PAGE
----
Colombia Drug War News
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Comment #20 posted by potpal on August 10, 2004 at 08:19:57 PT
No impact?
I beg to differ...the drug war in Colombia has had a huge impact...(to steal some words from above) It has corrupted institutions, distorted economies, wrecked forests, and financed armed groups such as Colombia's FARC guerrillas and right-wing paramilitaries...
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Comment #19 posted by billos on August 07, 2004 at 19:52:26 PT
will be my epitaph.         King Crimson
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Comment #18 posted by FoM on August 07, 2004 at 08:32:34 PT
I've been looking for news but so far I haven't found any worth posting. I'll keep looking. I must get mowing done while the sun is shining so I might be a little slow getting an article posted if there is one. I hope everyone is enjoying nice weather where you live. It's beautiful here today.
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Comment #17 posted by kaptinemo on August 07, 2004 at 07:07:09 PT:
A little bit of doggerel...from DEAWatch Aug 2004, 12:29 PST, 5th Edition"Viva Plan Colombia!":VIVA PLAN COLOMBIA!Down in Colombia, our Plan's doing well,
We've sprayed the whole country, to hear Walters tell.
Acres and hectares are blackened and bare.
I guess you'd expect that there's no coca there.
The natives are sickly. Their crops are a ruin.
Sounds to me like those folks got a screwin'.
Up here in the States, is there any less coke?
Well, I'll not say yes; that'd be a sick joke.
Says Walters: "Keep spending like a sailor who's drunk.
We must stay the course, though it's clear the boat's sunk."-- TERRY O'NEILLAnd I couldn't have put it any better...
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Comment #16 posted by Jose Melendez on August 07, 2004 at 06:13:18 PT
published April 22, 2004
Here's part of an LTE that was published earlier this year: . . . the U.S.  Constitution defines treason as waging war on Americans, or providing aid and comfort to our enemies.  Also, the antitrust law known as the Sherman Act clearly deems illegal any price fixing, bid rigging or collusion between persons or corporations that inflate prices of inferior products, cheat the customer, restrain trade or commerce, or any attempt "to monopolize any part of the trade or commerce among the several States, or with foreign nations." Yet news media, law enforcers and politicians alike consistently omit such relevant and material facts even as they turn a blind eye to and even promote foods, food supplements, drugs, deadly and defective drug delivery devices and alcohol products that are irrefutably associated with more than 1 million American deaths each year. According to Title 21, Chapter 22, Section 1712, on Sept.  30, 2003, the chapter and the amendments in U.S.  Code that funded John Walters' agency were repealed, including the provisions in Section 1713 that authorized the secretary of state, attorney general, secretary of agriculture, secretary of defense, director of the Office of National Drug Control Policy and administrator of the Environmental Protection Agency to collude with multibillion-dollar conglomerate chemical manufacturers and private military contractors to develop and spray herbicides to "eliminate illicit narcotics crops," specifically coca, cannabis and opium poppy in the United States and foreign countries. The very fact that coca, poppies and marijuana farming proliferates in ever greater proportions across regional boundaries and international borders should be enough evidence that such policies are at least ill advised, and likely involve criminal collusion with companies whose products would otherwise have to compete in a fair and open market. Jose Melendezfrom:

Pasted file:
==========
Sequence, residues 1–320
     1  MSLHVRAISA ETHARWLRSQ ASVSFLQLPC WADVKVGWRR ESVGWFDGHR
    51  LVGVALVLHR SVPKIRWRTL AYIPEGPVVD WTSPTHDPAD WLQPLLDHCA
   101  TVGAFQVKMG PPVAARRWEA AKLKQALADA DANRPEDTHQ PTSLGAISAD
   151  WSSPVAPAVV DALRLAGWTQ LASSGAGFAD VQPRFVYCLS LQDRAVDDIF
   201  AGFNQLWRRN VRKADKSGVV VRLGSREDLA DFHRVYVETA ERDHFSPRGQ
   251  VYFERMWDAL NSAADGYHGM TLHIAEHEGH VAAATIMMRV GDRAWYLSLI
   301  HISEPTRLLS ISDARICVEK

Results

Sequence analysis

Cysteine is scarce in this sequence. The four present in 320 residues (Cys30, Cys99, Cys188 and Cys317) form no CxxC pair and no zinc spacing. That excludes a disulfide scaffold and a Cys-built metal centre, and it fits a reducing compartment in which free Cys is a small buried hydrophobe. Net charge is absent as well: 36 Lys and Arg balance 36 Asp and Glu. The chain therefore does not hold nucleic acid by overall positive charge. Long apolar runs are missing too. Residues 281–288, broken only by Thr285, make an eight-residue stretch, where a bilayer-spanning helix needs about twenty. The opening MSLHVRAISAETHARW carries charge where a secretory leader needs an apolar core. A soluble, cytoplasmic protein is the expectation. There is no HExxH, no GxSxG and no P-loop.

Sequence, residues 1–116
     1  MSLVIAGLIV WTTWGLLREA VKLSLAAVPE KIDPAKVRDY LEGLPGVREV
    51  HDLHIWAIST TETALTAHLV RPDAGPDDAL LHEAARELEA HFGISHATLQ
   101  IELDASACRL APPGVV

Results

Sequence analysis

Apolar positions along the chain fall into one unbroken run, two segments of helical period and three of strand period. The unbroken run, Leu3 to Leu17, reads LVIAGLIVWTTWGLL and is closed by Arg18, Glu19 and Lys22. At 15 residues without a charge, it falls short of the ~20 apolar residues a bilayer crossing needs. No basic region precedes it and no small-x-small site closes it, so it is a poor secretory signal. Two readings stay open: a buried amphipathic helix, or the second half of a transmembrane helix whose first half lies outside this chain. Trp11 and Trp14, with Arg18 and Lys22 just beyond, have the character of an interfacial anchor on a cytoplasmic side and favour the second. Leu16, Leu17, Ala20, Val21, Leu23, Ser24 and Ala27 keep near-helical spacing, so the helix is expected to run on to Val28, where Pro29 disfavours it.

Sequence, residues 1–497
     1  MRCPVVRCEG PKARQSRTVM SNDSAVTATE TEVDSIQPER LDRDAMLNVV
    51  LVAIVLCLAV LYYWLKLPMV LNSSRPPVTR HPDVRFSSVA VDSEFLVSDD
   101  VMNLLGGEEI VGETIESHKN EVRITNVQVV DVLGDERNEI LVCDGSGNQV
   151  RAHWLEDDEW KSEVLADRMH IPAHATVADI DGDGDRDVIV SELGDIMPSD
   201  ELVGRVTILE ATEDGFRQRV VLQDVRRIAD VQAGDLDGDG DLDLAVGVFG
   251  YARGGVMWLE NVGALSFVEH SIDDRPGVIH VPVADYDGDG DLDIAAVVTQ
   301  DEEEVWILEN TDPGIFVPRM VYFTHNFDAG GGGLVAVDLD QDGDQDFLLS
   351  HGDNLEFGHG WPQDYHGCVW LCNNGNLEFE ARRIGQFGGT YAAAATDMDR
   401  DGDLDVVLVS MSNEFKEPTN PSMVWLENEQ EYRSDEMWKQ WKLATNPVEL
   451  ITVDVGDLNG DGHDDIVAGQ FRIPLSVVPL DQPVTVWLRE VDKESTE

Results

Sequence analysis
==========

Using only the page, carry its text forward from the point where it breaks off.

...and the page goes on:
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Comment #15 posted by mayan on August 06, 2004 at 17:15:28 PT
U.S. Puppet Smuggler...
Sorry if this has already been posted...Colombia’s Uribe: US ally in “war on terror” named as drug trafficker:
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Comment #14 posted by Jose Melendez on August 06, 2004 at 16:44:18 PT
Yes, Ma'am
Thanks, FoM, I'll try to be more careful.